Blog #2: Debt and the ethics behind the value of the dollar

David Graeber grabs the issue of debt by its neck in exposing the simplicity behind the relationship between the creditor and debtor. He first explains a conversation he had with a woman where the center of topic regarded the IMF (International Monetary Fund) and how they push countries into debt. The young woman had trouble comprehending why countries couldn’t pay back debts they had pushed themselves into. Graeber said that the IMF convinced third world countries to take loans (during a period of go-go banking) with low interest rates. They then during the late 80s and 90s, these third world countries encountered problems paying back their debt and the IMF enforced policies regarding their domestic control over services such as food reserves and limiting public services.

Graeber continues and presents the example of his time in Madagascar and that before he lived there, there was an outbreak of malaria. The government took action and created a mosquito eradication but due to financial issue, had to cut off the program which led to 10,000 deaths. Also Graeber focused on how it is not the debtor’s fault at his/her inability to pay off the loan but rather the lender (the banks). It is because of the “risk” that banks lend out loans. Without the risk, there would be no opportunity to make gains from interest.

My take is that the value of money has been replaced by the “digital value” of money. What I mean is that it has taken on a new form, not physical but rather numerical. We’re encouraged from banks to create new credit card accounts because statistics probably show that they would profit more from individual’s debts. Some individuals do not understand the principal of needs and wants and they cannot afford what they want and take on debt for simple gratification. Very few understand the value of the dollar. So unlike David Graeber I blame the debtor or individual, however you wish to classify it. But an equal share of blame should be placed on the banks. The high risks of NINA Loans are the primary cause of the housing bubble and instigator of the ongoing global economic crisis.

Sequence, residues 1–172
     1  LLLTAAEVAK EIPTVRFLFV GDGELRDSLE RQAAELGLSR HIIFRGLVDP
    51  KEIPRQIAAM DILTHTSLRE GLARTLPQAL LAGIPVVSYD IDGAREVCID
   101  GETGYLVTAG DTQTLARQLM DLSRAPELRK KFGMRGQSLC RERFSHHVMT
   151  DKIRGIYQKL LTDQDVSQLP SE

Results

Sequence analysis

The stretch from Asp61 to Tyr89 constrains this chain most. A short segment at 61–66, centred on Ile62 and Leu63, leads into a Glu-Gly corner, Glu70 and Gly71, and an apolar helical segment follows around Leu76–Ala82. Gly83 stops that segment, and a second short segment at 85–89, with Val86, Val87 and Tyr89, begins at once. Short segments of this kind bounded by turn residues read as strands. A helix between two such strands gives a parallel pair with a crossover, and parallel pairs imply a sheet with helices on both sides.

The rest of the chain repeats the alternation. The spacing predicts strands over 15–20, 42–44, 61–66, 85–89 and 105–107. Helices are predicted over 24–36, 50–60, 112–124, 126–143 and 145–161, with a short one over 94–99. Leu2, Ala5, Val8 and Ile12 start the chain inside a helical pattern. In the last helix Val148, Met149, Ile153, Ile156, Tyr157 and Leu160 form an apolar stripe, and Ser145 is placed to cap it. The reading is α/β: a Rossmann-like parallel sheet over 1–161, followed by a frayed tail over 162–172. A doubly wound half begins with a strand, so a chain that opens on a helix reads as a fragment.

3 responses to “Blog #2: Debt and the ethics behind the value of the dollar

  1. i aggree i believe that debt as alot to do from where your background is or how your family lived

  2. Excellent presentation of the “debt” problem and the various social forces at play. What you term “digital” money approximates what Graeber calls “virtual money,” as distinct from physical or “bullion” money. We are currently in an age of virtual money and according to Graber, historically there have been shifts between the two types. Graeber insists that the all the anthropological evidence suggests that “virtual” money was actually the original form of money, that elaborate credit systems existed *before* money took a physical form (as metal currency). Whether physical (a commodity in itself) or virtual, money is *always* numerical. Debt is an obligation that can be precisely quantified and *depersonalized*, which makes it transferable. It’s this process of quantification of *promises*, and the creation of an infrastructure (means of coercion) to enforce them that creates “debt” according to Graeber. Debt, Graeber memorably claims, is an “obligation that’s been perverted by math and violence.”

  3. I agree that the debtor should be to blame for acquiring debt they simply don’t have the money to pay off. This opinion of debtors being responsible is the moral values of debt Graeber was exactly talking about. Many tend to view debt as an obligation without realizing the individual responsibility of obtaining this debt.

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